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Commercial And Industrial Buildings Use Half Our Energy: Let's Get That Number Down

The Department of Energy has issued a challenge to corporations: You don’t have to believe in climate change, but why don’t we all try to save money by using less energy.

Efficiency is the non-controversial side of energy policy. While support for renewables (anyone say Solyndra?) generates a lot of heat and light (and not the useful kind) everyone can agree on the wisdom of doing more with less. Even Obama’s fiercest critics think it’s a good idea.

The Department of Energy’s Better Buildings Challenge is an example of a not particularly sexy program with the potential to pay off big. By encouraging organizations to rethink how facilities are managed, there’s an opportunity to save money, cut carbon, and reduce the need for new energy. Commercial and industrial buildings account for about 50% of all energy use, and for about 40% of CO2 emissions. If we could make savings in thousands of buildings across the economy, it could really make a difference.

The Challenge was launched in late 2011, as part of a goal of cutting the energy intensity of all buildings 20% by 2020. So far, 110 organizations (companies, schools, universities, governments, and so so) have signed up. And the results are encouraging.

On average, the partners have cut energy intensity—a measure of use per square foot, or how much energy is issued during an industrial process—by 2.5%. And, in some cases, the savings have been much greater than that. Of 7,700 facilities that have reported, 1,300 have cut consumption by more than 20%, and 2,100 have cut by at least 10%.

The partners include companies like InterContinental Hotels and real estate group Forest City, as well as public entities like Los Angeles Department of Water and Power and Michigan State University.

One of the main goals of the challenge is to establish examples that others can follow, and to create data proving that investments pay off if organizations make them. A lack of bankable evidence has been a major stumbling block to spreading efficiency projects more widely.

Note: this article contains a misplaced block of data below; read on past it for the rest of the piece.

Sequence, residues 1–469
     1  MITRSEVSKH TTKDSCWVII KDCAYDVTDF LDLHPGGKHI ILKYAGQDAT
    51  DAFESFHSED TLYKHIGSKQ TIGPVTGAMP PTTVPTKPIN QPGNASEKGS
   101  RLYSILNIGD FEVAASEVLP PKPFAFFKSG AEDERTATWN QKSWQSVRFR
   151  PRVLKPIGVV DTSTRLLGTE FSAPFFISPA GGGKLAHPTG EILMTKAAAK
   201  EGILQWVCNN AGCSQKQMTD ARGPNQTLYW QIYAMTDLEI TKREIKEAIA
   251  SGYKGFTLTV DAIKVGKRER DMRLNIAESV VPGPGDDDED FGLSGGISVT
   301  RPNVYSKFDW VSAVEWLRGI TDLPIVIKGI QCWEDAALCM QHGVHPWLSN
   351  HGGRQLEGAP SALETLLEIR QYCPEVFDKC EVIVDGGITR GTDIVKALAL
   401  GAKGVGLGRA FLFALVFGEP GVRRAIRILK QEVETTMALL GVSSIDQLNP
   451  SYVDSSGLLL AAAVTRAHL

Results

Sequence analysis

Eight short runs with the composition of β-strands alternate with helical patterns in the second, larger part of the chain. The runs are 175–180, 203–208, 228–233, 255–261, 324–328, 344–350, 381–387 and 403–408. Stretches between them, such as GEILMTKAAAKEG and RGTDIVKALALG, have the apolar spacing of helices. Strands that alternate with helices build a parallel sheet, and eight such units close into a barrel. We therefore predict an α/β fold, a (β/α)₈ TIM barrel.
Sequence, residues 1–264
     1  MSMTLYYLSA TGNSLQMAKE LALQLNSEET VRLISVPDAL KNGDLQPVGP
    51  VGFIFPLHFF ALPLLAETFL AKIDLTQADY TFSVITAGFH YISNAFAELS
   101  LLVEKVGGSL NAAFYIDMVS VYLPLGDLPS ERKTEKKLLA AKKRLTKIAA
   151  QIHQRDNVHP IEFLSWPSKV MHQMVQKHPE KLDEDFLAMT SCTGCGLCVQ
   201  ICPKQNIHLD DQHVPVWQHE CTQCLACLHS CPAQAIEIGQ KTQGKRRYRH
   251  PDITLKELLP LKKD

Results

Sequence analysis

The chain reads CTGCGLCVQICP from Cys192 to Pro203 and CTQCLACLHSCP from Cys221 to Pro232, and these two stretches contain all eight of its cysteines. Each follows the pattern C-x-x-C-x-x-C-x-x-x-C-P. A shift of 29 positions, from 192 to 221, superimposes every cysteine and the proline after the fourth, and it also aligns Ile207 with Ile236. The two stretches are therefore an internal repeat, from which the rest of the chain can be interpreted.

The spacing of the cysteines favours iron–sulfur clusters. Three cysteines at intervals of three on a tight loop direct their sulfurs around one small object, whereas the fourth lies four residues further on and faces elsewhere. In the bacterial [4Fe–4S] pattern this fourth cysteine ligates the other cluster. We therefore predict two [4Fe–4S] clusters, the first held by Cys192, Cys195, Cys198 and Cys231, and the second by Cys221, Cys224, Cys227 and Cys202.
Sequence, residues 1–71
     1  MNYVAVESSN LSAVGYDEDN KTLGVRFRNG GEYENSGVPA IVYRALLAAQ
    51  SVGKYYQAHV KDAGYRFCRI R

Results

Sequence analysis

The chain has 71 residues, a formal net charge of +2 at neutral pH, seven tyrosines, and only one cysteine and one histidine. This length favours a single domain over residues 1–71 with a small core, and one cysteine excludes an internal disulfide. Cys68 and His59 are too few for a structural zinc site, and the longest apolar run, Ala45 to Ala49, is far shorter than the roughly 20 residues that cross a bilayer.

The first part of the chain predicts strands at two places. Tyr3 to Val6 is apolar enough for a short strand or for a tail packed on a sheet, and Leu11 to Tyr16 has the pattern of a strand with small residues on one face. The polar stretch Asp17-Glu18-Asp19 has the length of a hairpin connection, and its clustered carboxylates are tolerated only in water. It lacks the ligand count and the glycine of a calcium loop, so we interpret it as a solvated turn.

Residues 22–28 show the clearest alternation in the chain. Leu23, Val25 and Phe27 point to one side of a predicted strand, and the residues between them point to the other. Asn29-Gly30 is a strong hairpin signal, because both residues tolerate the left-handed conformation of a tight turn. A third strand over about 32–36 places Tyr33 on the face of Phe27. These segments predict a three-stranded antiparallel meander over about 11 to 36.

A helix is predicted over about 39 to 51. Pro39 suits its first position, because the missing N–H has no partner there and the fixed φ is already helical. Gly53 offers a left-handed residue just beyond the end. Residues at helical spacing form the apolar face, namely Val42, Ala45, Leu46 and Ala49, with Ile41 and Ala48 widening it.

"When partners share enough detail they become living examples of why this works and how it works," says Maria Vargas, director of the program. "We’re the Department of Energy and we’re providing information, but when the partners do it, it gives people more confidence. It’s not because someone else told them to do it. It’s 'Kohl’s did it’, the 'City of Atlanta did it’, or '3M did it’."

Vargas says success stories also help make the case internally within organizations. Up to now, corporate America has been wary of investments that take longer than 18 months pay off, she says. The program can help demonstrate to finance departments that while payback periods are relatively long, they are worth the effort.

Now Vargas wants to bring greater transparency to energy data—for example, by encouraging more utilities to participate in the department’s Green Button program (allowing owners to download building data), and by championing city disclosure initiatives that mandate owners to buildings data public.

Cutting energy use by 20% across all buildings by 2020 will be a tall order, but not an impossible one, she says. "With the tools we’re providing and some of the examples the organizations are providing, it will help drive change."